I made reservations so that on Christmas day, a local Navajo guide would take us to one of the more famous slot canyons in the Page area, Antelope Canyon (aka Corkscrew Canyon).
A word about the weather: It’s colder than a sonofabitch in northern Arizona this time of year. Here I come, Mr. Outdoors, from 15 degree F northern Utah expecting that the balmy 40 degree forecasts for Northern Arizona would mean we didn’t need to bring our really heavy winter gear. What a fool I was! Yeah, there was only about 2″ of snow on that gorgeous orange sand desert, but it was 5 degrees at night, it was windy, it was rainy, it was snowy.
On Christmas morning, we got up, made a horrible pot of motel coffee and headed out for a quick trip to Horseshoe Bend, about 5 miles out of Page, downriver from Glen Canyon Dam, the dam that formed and holds back Lake Powell. Page was built as a dam worker’s town back in the 1957.
If you turn around 180 degrees, you would be looking in the direction of Horeshoe Bend, about 1/2 mile downstream.
In speaking with a local Navajo later that day, we were told tales of how many people walk to the edge and keep right on going…on purpose. It’s like the Golden Gate Bridge for suicides. Nice view on the way down.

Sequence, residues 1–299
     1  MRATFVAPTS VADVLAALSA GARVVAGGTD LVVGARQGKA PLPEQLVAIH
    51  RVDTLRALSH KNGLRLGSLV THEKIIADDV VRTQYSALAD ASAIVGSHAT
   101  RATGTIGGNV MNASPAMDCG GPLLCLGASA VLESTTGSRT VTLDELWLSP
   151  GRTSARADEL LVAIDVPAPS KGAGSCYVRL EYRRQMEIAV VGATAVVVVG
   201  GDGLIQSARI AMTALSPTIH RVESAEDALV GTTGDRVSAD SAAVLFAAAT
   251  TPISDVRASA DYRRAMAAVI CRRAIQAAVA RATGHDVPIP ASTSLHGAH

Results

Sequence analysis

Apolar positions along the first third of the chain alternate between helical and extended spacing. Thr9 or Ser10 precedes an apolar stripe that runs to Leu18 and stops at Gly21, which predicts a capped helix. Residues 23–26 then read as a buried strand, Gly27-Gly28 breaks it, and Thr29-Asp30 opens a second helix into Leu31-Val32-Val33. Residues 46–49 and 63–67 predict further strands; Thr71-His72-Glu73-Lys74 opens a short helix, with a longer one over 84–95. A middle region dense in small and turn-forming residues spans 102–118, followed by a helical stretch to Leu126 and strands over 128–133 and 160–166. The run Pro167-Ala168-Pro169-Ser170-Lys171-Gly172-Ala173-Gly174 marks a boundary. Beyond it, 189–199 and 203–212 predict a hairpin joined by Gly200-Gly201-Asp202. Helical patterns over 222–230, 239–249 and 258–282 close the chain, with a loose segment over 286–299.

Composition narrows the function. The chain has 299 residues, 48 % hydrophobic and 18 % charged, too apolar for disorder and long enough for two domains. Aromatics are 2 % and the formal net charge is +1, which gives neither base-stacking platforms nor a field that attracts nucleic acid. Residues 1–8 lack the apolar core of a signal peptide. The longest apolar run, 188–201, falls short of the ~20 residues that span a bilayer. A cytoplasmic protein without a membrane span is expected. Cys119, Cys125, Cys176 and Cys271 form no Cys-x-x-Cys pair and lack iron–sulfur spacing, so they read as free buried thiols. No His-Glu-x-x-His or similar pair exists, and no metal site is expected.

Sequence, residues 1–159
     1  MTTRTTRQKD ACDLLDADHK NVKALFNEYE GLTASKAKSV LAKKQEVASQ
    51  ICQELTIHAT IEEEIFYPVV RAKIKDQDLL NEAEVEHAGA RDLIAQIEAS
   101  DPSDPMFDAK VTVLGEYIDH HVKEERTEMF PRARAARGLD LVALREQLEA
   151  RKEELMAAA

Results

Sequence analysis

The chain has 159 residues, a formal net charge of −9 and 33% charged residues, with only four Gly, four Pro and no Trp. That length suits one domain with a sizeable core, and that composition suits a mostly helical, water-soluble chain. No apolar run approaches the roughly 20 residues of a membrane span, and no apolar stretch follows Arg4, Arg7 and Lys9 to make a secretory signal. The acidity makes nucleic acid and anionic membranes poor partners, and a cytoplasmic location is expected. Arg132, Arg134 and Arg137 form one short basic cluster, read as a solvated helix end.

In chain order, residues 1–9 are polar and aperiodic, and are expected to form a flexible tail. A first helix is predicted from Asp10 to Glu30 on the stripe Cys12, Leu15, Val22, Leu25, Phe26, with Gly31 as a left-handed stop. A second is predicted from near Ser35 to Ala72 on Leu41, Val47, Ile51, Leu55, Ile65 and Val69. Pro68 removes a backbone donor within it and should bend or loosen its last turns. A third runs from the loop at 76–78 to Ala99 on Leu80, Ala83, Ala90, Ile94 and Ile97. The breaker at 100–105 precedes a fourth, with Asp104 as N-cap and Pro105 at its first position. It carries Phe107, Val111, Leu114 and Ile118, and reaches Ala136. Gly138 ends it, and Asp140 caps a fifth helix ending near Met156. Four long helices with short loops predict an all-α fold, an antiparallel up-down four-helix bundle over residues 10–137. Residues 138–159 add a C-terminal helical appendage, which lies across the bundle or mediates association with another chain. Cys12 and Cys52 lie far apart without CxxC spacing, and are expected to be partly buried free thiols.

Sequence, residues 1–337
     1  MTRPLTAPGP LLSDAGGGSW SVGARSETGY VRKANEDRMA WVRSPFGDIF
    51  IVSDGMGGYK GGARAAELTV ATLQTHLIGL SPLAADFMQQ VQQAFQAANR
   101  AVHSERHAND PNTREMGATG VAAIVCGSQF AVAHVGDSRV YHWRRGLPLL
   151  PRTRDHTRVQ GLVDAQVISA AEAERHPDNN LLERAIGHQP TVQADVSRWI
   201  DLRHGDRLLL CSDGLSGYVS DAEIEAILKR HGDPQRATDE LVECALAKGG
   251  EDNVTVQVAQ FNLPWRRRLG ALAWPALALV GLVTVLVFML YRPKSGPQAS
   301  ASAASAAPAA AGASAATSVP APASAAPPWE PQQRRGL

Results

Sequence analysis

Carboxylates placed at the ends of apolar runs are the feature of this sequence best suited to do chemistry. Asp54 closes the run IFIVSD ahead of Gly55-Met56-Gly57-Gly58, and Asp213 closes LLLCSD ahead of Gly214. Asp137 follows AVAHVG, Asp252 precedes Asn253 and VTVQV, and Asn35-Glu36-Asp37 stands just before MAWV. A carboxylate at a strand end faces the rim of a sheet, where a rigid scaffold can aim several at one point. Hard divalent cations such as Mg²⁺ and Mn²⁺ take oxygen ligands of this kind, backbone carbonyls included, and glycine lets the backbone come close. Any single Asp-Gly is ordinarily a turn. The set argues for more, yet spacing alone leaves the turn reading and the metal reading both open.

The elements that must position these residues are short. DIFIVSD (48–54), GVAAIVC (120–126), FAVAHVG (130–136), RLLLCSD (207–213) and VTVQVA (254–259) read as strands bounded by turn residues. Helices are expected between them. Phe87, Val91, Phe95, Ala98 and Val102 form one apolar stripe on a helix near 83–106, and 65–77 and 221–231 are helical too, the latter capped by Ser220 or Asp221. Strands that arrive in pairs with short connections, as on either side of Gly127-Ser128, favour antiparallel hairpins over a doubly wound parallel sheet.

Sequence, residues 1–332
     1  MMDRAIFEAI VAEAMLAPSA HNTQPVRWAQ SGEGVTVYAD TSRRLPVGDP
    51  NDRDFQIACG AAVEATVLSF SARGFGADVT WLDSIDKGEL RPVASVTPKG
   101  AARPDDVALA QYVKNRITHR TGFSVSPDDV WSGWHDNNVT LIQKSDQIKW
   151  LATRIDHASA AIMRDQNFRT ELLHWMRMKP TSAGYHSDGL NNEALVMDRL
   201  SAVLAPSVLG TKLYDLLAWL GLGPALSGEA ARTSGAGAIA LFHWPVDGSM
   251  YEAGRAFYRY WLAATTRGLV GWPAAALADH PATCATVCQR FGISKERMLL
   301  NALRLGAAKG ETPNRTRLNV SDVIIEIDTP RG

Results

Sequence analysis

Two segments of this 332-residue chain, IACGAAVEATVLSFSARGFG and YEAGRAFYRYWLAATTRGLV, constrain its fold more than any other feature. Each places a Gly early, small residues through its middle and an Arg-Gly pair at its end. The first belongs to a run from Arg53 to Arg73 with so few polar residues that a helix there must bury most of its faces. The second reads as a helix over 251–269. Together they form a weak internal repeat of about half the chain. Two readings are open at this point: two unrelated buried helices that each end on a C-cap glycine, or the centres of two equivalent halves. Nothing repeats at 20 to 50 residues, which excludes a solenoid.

Back to the slot canyon tour for Christmas:
Into an old Chevy suburban and into the wild; well, a nice drive about 5 miles out of town on a bed of beautiful orange/pink sand to what I can only describe as Mother Earth’s vagina. All laid out, cracked open from the ground up and waiting for her spirit child to “come home.”Keep in mind that this mound with its slot water and wind-carved over eons is actaully a petrified sand dune! Not a rock formation cut out after millions of years of laid-down sediments, etc., but a freakin’ petrified sand dune.
And, voila! I’m in Vahalla!
It lasted about 2 hours of pure, schoolboy excitement! Most views are upwards and they caution against getting mesmerized looking up so that you don’t walk your face right into a low overhang. Fantastic!
A couple of hours later, Janet and I drove out to find Water Holes Canyon, an outdoor slot canyon. We drove right past it as it’s not marked, no signs and the Navajo Nation does not care one twit if White Eyes finds it. They issue a permit for 10 bucks and you’re on your own. We had directions like this: “You drive out on US 89 for about 6 miles until you reach Mile Marker 242. Then, you’ll reach a bridge. It’s out there.” So, we drove, we found the mile marker and started driving back and forth over the bridge, not realizing that the canyon below the bridge is what we were looking for! We parked nearby and after staring at a barb wire fence marked “No Trespassing,” I realized that there was a tiny opening to pass through. We just started walking until the only way was down, into the slot any way we could get there.